Nancy Himel

The Carousel War

One sent her children away.
One lost a child to a ping
and puff of smoke. They walked

two days and have finally found
a safe place to sit, a place
to wrap their arms around each other

a place to muse their husbands’ shadows
husbands who sent them away
as they raised rifles to shoulders

husbands who aimed those rifles
at pets, who pointed and promised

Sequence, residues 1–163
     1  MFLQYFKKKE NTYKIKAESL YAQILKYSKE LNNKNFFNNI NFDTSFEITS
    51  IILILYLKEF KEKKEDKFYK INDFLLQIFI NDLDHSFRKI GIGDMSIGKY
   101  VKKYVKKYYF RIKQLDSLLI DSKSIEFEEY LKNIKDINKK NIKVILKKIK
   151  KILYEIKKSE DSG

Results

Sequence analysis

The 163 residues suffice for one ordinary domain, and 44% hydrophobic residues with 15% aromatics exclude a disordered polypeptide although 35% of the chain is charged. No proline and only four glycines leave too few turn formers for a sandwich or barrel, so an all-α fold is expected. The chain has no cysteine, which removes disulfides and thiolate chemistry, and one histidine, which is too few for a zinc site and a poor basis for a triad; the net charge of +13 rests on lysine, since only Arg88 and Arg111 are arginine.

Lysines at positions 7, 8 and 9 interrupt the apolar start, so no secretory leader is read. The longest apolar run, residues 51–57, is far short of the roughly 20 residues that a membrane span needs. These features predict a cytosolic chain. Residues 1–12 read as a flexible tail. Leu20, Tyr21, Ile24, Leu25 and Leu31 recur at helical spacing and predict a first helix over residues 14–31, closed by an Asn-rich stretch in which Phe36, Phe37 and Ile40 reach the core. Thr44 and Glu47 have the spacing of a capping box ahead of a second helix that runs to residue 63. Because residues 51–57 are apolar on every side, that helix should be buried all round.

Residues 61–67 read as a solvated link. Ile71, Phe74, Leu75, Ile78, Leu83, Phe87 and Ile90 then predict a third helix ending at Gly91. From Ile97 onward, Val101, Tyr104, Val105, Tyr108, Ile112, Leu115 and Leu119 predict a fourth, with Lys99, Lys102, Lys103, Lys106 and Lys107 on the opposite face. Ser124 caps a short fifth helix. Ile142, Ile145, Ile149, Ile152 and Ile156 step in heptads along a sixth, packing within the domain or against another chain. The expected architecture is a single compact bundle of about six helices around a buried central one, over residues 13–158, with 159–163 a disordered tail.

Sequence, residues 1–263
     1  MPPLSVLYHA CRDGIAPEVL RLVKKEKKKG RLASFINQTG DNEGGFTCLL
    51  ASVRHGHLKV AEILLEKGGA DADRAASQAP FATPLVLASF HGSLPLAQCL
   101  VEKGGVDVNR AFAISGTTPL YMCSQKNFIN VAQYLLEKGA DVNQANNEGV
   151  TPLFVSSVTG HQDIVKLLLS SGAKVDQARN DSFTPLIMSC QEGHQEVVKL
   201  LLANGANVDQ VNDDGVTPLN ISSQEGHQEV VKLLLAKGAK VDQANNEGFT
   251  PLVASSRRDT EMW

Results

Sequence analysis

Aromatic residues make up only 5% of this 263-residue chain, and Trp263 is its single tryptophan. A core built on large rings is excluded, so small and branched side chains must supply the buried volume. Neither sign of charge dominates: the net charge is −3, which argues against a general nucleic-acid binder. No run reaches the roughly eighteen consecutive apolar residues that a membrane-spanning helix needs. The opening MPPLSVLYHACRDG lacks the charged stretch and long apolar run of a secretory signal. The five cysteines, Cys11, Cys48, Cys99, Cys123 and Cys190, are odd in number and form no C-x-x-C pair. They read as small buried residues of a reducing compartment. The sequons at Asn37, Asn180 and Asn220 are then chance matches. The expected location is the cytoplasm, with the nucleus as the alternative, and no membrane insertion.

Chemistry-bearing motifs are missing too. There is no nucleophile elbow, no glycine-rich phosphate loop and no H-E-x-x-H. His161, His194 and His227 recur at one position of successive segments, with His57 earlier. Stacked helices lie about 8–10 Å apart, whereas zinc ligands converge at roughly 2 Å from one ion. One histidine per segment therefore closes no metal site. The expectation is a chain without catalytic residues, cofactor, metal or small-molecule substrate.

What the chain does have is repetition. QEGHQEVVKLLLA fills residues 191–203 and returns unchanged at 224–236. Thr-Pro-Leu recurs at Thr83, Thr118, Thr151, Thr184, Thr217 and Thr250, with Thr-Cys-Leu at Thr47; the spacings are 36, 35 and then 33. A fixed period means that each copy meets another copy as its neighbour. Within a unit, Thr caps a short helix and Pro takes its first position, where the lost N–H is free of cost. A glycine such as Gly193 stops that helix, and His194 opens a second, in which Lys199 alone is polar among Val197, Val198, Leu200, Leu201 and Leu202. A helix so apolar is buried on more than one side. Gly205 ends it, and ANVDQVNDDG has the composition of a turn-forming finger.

to shoot if their wives did not leave.

How will these women forget the tears
of their children, children forced into silence
by their fathers’ angry but empty eyes?

How will they forget the black and gray horses
they sit on, horses that seem more Chagall
than barn-born, more Cossack memory than real?

This is the final moment of stillness
that tender moment before the swirl of war
blows weighted endings through the wind

to unseat them. One holds the dying flowers
of an anniversary bouquet. Behind them
women wait in line to hold, to ride, to swirl, to fall.